Well your going to have to find yourself another supplier, because  I'm not going to give you a bunch of stuff to make you feel good about yourself, and certainly nothing to encourage you to listen to that little voice that says, "me, me, me" all the time.  Two reasons.  One, it wouldn't do you any good.  Oh, sure, you'd feel good for a little bit.  But when the fix wore off, you'd feel even worse than before.  The other reason I won't give one of those kinds of messages is that I am convinced that listening to that "me, me, me" voice is the surest way to Hell, the surest way to unhappiness.

 It is the path of Satan himself.  Once he ws called Lucifer, "the light bearer."  He was apparently one of God's chief angels.  But he decided to say "ME," he decided he would be like God.  Knowing full well what would happen, he chose the path that cost him heavn and will leave him eternally in misery.  Why?  Because, in Milton's words, he preferred reigning in Hell to serving in Heaven.  He prefered having his own way in the most wretched of conditions to doing things God's way in the most glorious of conditions.

 And this is the path we follow whenever we try to make ourselves into gods, when we maker ourselves instead of God the center of our lives, when we ignore God's standards and make our own standards of right and wrong.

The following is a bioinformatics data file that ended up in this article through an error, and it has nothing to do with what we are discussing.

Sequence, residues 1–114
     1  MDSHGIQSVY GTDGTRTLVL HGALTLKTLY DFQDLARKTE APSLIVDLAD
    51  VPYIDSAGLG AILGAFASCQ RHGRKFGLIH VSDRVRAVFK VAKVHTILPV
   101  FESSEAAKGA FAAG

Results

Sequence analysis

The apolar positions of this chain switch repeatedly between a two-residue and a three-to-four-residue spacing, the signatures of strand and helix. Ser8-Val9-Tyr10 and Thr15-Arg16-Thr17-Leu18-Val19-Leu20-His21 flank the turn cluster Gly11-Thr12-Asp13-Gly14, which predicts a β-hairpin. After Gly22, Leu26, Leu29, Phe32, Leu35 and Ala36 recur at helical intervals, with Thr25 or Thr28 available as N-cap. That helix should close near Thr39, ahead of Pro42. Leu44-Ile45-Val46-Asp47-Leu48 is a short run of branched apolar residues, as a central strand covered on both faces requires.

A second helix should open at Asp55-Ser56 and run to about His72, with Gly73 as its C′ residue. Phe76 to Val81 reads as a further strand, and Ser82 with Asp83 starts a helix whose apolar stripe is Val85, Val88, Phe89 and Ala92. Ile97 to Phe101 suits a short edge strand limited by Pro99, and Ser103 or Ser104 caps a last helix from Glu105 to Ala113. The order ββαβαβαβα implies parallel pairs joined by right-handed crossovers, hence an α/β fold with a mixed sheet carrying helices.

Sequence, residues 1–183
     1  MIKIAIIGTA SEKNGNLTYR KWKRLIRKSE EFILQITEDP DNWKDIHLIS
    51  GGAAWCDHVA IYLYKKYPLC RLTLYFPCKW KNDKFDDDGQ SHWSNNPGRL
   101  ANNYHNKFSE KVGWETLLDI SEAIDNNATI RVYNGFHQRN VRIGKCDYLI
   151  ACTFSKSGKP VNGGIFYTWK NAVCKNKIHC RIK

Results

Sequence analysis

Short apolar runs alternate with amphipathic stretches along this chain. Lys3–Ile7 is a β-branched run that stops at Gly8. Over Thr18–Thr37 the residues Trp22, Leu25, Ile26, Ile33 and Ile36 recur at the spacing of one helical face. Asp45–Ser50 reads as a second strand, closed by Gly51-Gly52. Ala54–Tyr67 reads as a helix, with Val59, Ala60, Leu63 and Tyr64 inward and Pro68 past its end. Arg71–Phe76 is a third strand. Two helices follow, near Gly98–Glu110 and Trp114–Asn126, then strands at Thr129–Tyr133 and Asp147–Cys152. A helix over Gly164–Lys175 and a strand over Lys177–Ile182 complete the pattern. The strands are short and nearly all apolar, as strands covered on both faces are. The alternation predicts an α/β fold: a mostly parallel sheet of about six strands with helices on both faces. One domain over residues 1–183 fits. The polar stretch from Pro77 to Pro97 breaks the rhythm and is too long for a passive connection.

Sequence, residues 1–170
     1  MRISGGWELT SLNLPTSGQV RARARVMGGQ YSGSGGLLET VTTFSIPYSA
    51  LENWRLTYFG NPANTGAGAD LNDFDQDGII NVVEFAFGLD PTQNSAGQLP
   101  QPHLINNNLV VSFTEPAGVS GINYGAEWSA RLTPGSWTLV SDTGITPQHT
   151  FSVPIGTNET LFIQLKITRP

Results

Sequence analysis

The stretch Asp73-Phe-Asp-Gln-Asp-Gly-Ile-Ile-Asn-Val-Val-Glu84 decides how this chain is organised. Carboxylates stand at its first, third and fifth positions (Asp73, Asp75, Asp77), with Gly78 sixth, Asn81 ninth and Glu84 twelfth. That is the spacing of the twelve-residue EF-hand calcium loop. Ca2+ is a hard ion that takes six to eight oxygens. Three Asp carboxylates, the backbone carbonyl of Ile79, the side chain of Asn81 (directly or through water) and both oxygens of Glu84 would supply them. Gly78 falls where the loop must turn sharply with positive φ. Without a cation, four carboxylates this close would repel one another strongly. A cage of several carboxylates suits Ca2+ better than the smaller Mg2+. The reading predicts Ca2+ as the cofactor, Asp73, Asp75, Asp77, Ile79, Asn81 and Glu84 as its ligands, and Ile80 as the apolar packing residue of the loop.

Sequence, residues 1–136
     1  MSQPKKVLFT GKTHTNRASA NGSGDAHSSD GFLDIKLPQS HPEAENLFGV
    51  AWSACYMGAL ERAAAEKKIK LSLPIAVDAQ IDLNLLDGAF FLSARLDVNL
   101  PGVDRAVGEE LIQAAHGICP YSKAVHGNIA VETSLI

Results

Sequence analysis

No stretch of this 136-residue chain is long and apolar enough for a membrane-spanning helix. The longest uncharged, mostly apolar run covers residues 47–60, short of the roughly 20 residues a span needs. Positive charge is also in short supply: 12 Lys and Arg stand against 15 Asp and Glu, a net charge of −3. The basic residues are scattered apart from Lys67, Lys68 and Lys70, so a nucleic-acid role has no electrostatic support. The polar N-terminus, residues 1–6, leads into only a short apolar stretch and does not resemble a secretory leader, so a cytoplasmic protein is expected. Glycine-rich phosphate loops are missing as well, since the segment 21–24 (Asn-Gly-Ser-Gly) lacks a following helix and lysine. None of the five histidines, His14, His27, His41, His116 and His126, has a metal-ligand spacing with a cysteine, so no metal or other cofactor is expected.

See, our society badly misunderstands God and the Scriptures he has given us.  We think of God as some sort of kill-joy, and his law as  a recipe for misery.

 But it's not!  It's the recipe for happiness.  Notice what Moses says about the reason for God's laws (Deuteronomy 30:16-17):

 "I command thee this day to love the Lord thy God, to walk in his ways, and to keep his commandments and his statutes and his judgments, that thou mayest live and multiply: and the Lord thy God shall bless thee in the land whither thou goest to possess it."--"

 The laws are there so we can live, so we can be happy.

 And before us there's a choice: obedience and happiness and life or disobedience a and misery and death.

 "Choose life!" pleads Moses.

 But we don't.  God says it's wrong to lie: but we say God is wrong.  God says covetousness is wrong, but we say God is wrong, God says adultery is wrong, but we say God is wrong.

 No.  God isn't wrong.  Those things are poison.  Those things are death.  And to give in to that voice that says, "me, me, me" is death of the worst kind.  It is the opposite of what Christians should be doing.  But many of us are so influenced by that "me" voice, so used to having it amplified for us, that we have done a terrible thing.  We have confused that "me" voice with God, and we have made it into God.

 We do something completely wrong, and justify it because an inner voice assured us it was ok.  We say that "inner voice" is the voice of God when it's really only the "me" voice.

 Now how do you tell the difference?  It's easy.  First of all, the real voice of God never contradicts scripture.  You want to know if that inner voice is from God?  See if what it says agrees with the scripture.